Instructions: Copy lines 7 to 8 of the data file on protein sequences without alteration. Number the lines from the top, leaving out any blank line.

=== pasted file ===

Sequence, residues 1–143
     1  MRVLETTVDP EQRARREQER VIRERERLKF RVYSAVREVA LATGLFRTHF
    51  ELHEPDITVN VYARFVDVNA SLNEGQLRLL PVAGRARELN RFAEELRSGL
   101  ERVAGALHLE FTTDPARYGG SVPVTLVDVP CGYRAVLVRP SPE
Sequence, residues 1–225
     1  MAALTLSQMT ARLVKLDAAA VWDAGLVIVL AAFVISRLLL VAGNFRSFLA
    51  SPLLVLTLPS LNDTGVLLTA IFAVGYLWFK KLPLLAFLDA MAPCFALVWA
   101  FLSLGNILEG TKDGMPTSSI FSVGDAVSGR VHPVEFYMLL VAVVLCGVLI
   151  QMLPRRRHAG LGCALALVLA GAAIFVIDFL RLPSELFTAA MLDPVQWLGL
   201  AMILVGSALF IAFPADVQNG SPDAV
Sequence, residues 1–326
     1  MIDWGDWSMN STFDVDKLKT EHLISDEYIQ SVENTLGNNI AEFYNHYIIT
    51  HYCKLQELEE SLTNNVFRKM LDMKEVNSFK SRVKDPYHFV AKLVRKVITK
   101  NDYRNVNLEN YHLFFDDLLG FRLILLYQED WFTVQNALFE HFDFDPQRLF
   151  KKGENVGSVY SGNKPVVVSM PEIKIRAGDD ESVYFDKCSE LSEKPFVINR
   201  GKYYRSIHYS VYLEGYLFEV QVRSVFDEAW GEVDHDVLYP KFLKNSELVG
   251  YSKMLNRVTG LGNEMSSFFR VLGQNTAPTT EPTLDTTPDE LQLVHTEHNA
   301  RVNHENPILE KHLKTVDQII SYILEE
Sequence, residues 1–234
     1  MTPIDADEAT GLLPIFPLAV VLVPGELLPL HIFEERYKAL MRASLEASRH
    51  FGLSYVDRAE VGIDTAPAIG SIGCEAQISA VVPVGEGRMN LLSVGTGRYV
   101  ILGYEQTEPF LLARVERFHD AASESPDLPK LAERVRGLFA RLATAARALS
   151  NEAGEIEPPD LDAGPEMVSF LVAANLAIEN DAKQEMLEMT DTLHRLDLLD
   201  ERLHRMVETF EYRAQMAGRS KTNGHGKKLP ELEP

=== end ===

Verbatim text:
    51  SPLLVLTLPS LNDTGVLLTA IFAVGYLWFK KLPLLAFLDA MAPCFALVWA
   101  FLSLGNILEG TKDGMPTSSI FSVGDAVSGR VHPVEFYMLL VAVVLCGVLI